Respecting the past, Building the future

OANA’s Open Streets Proposal in the News

As the curve of the coronavirus pandemic in New York City appears to have been flattened, there has been discussion of how to start safely reopening businesses. During the fine weather of the week of May 15-17, photographs and comments on social media portrayed crowds in the sidewalk, not observing social distancing, outside those restaurants and bars who were offering window service. This problem will only worsen as the weather gets warmer. Our bars and restaurants are essential to our local economy and in order to help them reopen safely, OANA is proposing evening closure of streets with restaurants.

Our proposal would create enough space so that tables can be placed outside while still observing social distancing regulations. Closing streets to vehicular traffic temporarily (for instance, from 6-11 pm) would allow deliveries and services to still be available during the day, and leave local retail unaffected. Under our proposal, the streets closed to traffic in the evening would only be those with a high density of cafes and restaurants, such as Ditmars Blvd., 30th Avenue and Broadway.

OANA’s proposal of closing some streets was featured by PIX11 News who ran a story on NYC small business owners who intend to reopen this month, with or without governmental permission. “We have to do it intelligently, take it step by step, but it has to be done,” OANA President Richard Khuzami told PIX11. And that story traveled as far as Texas, where it appeared on ABC affiliate station KXXV. OANA’s proposal was also featured in the Daily News of May 23, with the quote from our proposal that: “when one weighs the positive of increased economic activity plus more effective social distancing against the inconvenience of losing parking for a few hours or having to walk a block to get a bus, we think the conclusion should be obvious. During the quarantine, we have shown a willingness to sacrifice for the greater good. This is a temporary extension of that attitude.”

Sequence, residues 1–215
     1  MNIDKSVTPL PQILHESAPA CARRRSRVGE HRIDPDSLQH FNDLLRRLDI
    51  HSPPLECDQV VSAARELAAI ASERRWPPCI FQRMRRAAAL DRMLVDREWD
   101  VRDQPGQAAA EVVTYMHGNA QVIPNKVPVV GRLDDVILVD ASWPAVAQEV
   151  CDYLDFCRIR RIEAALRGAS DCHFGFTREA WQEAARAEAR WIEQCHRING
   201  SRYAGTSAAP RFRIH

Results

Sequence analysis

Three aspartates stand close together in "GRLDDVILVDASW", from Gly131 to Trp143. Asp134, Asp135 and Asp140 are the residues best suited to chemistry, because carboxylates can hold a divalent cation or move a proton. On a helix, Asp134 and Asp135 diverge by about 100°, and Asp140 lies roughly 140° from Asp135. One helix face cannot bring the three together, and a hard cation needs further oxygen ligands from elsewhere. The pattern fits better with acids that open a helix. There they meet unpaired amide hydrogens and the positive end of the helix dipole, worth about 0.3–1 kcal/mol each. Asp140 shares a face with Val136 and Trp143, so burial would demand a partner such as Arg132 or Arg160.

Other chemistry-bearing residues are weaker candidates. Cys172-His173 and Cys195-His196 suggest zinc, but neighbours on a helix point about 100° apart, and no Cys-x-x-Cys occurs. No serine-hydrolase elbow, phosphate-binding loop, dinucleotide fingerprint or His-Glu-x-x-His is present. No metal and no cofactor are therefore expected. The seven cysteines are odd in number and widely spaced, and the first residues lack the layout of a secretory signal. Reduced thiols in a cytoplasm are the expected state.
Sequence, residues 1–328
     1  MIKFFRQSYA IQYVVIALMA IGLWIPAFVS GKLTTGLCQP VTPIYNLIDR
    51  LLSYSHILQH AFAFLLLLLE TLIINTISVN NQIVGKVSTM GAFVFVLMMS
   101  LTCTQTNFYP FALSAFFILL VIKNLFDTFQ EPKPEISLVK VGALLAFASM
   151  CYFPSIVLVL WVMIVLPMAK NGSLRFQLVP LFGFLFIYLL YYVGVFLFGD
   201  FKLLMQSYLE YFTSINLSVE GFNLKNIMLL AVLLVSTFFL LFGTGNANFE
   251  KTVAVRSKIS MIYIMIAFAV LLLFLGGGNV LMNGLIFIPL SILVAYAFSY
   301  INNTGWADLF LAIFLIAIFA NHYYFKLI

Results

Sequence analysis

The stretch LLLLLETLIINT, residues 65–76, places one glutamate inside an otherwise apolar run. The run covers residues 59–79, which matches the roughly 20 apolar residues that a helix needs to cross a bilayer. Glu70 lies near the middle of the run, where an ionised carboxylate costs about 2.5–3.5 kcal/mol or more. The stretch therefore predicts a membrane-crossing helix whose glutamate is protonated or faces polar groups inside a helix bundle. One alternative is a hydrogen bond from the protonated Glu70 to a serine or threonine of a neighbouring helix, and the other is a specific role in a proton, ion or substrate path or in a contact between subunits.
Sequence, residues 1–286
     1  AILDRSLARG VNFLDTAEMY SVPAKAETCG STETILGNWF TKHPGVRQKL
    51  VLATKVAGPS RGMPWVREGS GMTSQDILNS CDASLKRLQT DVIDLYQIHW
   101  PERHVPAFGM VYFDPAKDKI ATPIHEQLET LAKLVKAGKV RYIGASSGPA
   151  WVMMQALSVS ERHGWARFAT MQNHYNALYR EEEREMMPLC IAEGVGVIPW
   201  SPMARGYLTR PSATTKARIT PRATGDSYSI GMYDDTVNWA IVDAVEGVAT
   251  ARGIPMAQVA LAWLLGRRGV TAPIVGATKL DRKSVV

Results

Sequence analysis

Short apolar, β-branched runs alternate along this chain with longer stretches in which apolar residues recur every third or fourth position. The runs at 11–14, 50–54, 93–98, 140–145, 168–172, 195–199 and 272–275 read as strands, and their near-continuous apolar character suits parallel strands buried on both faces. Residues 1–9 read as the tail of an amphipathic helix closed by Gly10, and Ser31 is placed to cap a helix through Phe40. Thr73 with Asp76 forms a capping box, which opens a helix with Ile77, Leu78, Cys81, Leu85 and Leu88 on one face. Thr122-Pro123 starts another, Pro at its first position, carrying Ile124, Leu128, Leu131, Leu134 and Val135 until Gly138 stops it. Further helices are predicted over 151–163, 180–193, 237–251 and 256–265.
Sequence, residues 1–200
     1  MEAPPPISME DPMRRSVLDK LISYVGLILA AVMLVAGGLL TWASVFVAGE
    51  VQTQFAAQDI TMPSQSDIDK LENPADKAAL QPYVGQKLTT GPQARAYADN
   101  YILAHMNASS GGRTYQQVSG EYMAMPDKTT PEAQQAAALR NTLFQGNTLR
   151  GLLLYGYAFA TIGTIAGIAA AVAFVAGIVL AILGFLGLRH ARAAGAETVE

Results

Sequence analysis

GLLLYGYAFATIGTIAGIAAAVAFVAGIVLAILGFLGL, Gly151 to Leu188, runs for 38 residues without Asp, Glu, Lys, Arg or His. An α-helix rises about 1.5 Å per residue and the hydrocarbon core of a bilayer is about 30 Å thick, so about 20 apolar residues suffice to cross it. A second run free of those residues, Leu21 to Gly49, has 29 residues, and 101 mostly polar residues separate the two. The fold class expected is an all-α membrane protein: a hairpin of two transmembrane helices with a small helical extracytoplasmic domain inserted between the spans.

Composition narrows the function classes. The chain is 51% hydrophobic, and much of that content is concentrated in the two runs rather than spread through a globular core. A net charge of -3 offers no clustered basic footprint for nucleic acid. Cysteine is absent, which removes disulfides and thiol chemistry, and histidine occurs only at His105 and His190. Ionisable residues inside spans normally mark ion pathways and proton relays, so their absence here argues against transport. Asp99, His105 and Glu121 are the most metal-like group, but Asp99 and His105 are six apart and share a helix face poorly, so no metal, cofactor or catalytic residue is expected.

We hope that if the proposal is agreed upon, local associations of business owners can cooperate to organize the logistics and help Astoria to start safely reopening.

Photo: Pix 11 interview of OANA President Richard

OP-ED Authors

Richard Khuzami

Richard Khuzami

Frank Arcabascio

Frank Arcabascio

Clare Doyle is a graduate of the M.A. program in Museum Studies at the University of Leicester, UK. She also holds a Graduate Diploma in Library and Information Studies as well as a B.A. in Archaeology and History from University Dublin, Ireland. She has worked for 30 years in library reference publishing in New York. Clare is the Vice President of Green Shores NYC, a non-profit group that advocates for a cleaner, greener and more connected waterfront in Astoria and Long Island City

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